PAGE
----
A bag can contain multiple items from this list and not incur a charge. However, if the bag contains other items then there is a charge. For example, you wouldn’t charge for a bag containing an unwrapped blade and unwrapped loose seeds, but adding a box of cornflakes means you’d have to charge.
Super biodegradable bags
There are no exemptions for biodegradable bags at present. However, the government is considering an exemption to encourage development of a new, genuinely biodegradable, more environmentally friendly bag.
For every bag that you charge for, you must:
- charge at least 5p a bag (including any VAT)
- make every effort to ensure that you are charging for self-checkout bags
- keep a reporting year’s records for 3 years from 31 May in the following reporting year (eg you must keep the records for 5 October 2015 to 6 April 2016 until 31 May 2019)
- send records to Defra on or before 31 May following the end of the reporting year
You must also record for the whole reporting year:
- the number of bags supplied
- the gross and net proceeds of the charge
- any VAT in the gross proceeds
- what you did with the proceeds from the charge
- any reasonable costs and how they break down
Reasonable costs include new costs incurred to comply with the legislation. This might include :
- the cost of changing till systems
- training staff
- communicating the policy to staff and customers
- getting expert advice
- administering donations to good causes
You can’t include existing costs, such as the cost of the bags. You’re likely to see reasonable costs significantly reduce after the first year.
Once you have deducted reasonable costs, it is expected that all proceeds will be donated to good causes.
Carrier Bag Charges Wales has examples of how good causes have benefited from the proceeds of the Welsh charge, and expected reductions in carrier bag use.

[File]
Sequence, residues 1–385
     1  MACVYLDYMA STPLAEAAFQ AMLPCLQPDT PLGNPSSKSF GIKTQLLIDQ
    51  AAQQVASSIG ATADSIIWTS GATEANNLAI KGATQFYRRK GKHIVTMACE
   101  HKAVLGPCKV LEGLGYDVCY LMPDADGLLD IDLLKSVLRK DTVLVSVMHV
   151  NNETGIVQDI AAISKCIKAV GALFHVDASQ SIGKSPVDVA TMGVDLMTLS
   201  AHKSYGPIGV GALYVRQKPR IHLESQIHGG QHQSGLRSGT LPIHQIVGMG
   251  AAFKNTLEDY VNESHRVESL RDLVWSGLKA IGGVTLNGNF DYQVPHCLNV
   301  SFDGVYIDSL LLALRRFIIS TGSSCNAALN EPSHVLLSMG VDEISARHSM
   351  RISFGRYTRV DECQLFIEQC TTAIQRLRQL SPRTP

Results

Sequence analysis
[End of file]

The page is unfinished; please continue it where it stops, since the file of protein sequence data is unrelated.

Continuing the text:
Who inspects retailers
In most cases it’s the local authority where your shop or store is based that makes sure that the law is being followed.
However, for home deliveries the relevant local authority is the one where the goods are:
- dispatched from, if sent and delivered within England
- received, if delivered from outside England
Local authority inspectors can visit stores at reasonable times and make test purchases. They can question staff and demand relevant documentation if they believe a breach has taken place.
When retailers will be fined
Local authority must publish details of fine levels and circumstances on its website. It can fine you if you:
- don’t charge at least 5p for the appropriate bags
- don’t keep records
- don’t supply records
- mislead on how you’re complying with the law
Local authorities can:
- issue a non-compliance notice with steps you must take to correct a breach
- impose a fixed penalty
- impose a discretionary penalty
- order you to advertise that you’ve broken the law, what their penalty was and how you are now complying
- recover the cost of the investigation from you if you breach the law
Both fixed and variable fines are:
- reduced by 50% if you pay within 28 days
- increased by 50% if you don’t pay within 56 days
Local authorities can’t impose a variable fine if a fixed fine has already been levied for the same issue (unless a non-compliance notice has been issued).
Local authorities can impose non-monetary requirements, such as making you publicise that you’ve breached the law.
Failure to comply can lead to a fine of up to £5,000, in addition to any other penalties.
You can object within 28 days of being issued a penalty notice.
* details supplied from https://www.gov.uk